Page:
Verticality in Prague

The compactness of European cities, particularly ones like Prague that are situated in valleys, leads to these kinds of spectacularly vertical spaces. Each street seems to be stacked nearly on top of the next.

Vertical Walls Beneath the Castle

On the hilltops above those city streets, inside Prague Castle, the space continues to be used efficiently.

Inside and Outside the Castle II

Above the castle structures, the spires of St. Vitus Cathedral continue the verticality.

St. Vitus Copper

Cantonhenge

Today’s image falls into the category “How have I not posted this already?” This image of a supermoon aligning with the Route 11 principal axis of Canton, New York has been used in the table of contents of St. Lawrence University’s magazine, as well as in several blog posts. In spite of that, I’ve apparently (according to Flickr’s camera roll feature) never shared it to Decaseconds.

Cantonhenge

Around Prague Castle

St. Vitus Cathedral is at the heart of Prague Castle and just as grand as words like “cathedral” and “castle” imply.

St. Vitus Cathedral

Inside was thoroughly saturated with visitors.

Inside St. Vitus Cathedral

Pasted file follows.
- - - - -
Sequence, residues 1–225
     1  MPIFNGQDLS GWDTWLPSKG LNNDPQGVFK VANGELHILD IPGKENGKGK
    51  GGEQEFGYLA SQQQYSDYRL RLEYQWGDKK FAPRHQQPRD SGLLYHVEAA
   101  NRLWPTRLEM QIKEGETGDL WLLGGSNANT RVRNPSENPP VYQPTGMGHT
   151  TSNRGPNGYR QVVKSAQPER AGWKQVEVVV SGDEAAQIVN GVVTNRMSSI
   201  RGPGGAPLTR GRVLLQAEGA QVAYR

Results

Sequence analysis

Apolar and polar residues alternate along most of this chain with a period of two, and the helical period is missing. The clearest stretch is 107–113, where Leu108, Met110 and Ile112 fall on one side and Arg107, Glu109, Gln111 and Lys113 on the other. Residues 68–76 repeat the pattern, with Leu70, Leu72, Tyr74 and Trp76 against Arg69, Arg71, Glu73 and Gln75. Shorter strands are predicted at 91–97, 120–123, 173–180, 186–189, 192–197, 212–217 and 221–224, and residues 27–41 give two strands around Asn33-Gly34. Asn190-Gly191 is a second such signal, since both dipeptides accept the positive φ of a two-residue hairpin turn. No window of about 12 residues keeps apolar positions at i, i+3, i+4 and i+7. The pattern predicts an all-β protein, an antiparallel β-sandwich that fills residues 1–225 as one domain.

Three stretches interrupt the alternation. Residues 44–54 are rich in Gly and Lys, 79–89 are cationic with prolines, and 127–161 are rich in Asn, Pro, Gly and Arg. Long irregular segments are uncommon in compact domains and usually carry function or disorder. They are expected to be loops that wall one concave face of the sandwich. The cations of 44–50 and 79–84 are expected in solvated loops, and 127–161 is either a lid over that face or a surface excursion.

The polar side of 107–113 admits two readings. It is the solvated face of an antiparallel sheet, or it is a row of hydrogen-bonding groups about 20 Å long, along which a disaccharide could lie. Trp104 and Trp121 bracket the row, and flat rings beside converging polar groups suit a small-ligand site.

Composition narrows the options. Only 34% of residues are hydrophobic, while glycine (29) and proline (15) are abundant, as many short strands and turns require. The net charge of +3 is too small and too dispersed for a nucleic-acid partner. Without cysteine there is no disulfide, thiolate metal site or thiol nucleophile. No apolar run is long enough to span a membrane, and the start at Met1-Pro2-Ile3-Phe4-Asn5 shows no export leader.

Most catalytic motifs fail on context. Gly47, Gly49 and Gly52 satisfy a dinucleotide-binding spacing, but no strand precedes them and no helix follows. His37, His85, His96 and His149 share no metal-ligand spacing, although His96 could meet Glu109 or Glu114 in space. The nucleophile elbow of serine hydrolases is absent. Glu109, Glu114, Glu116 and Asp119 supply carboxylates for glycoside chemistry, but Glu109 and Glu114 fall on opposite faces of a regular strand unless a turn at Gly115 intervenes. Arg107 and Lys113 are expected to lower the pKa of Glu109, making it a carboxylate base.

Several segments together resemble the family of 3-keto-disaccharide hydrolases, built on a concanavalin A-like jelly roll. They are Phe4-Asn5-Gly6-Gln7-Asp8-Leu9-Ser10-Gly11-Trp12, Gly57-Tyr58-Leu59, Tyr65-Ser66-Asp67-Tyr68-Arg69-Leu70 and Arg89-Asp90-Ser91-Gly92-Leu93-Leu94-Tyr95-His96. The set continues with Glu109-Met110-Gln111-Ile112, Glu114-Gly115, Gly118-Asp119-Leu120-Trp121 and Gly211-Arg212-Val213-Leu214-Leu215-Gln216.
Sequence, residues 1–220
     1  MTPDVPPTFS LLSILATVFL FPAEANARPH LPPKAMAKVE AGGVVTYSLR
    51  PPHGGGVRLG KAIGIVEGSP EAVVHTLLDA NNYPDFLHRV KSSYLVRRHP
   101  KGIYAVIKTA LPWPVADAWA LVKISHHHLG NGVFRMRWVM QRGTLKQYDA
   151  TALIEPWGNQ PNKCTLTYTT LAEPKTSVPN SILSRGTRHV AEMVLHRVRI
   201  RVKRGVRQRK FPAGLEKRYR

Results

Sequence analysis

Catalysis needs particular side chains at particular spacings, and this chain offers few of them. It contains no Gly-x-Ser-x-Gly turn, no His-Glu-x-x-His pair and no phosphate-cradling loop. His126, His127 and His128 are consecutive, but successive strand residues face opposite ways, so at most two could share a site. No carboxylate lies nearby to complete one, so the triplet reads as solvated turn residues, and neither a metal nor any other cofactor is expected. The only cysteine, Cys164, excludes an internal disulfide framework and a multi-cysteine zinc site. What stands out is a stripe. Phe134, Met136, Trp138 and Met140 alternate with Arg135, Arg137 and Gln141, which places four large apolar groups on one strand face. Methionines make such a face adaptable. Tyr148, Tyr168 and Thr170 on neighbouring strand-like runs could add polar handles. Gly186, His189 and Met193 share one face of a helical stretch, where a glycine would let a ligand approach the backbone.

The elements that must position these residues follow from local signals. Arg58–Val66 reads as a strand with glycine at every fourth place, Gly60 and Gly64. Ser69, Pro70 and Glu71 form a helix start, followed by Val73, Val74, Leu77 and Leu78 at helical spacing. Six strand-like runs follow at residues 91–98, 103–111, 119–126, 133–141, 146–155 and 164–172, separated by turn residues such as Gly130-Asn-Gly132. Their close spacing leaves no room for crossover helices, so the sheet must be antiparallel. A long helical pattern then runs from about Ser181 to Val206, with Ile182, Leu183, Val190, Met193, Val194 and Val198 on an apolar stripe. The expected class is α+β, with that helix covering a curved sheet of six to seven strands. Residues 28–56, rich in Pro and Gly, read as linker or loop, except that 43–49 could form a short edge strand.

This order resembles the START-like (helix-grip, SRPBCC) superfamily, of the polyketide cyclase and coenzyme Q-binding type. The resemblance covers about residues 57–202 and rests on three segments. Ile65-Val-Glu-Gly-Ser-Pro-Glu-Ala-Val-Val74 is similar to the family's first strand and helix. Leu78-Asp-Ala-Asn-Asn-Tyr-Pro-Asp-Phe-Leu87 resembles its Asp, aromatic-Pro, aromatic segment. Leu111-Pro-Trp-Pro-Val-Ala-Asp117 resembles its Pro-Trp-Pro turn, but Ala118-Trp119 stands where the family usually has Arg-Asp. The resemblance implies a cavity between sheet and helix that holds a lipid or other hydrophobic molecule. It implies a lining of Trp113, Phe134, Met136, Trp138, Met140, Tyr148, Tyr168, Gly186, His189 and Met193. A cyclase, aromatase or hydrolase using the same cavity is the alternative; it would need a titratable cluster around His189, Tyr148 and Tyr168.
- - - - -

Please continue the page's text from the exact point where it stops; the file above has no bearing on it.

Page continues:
By comparison, much of the rest of the castle seemed empty. Given that this was the winter “refresh and repair” season, we weren’t surprised.

Empty Halls of Prague Castle

Smetana Hotel

We were visiting Prague in the off-season—that’s what we heard from every cab driver and waiter. Though gentle spring breezes had been replaced with nascent winter gusts, there were numerous benefits; the relative sparsity of fellow tourists in Old Town made for easy access to the city’s sights. Two of the subtler benefits are captured in this image: (1) the bare branches opened new views of the skyline, and (2) the Smetana hotel (just across the river) where we stayed had a spectacular room overlooking the Vltava open for us.

Smetana Hotel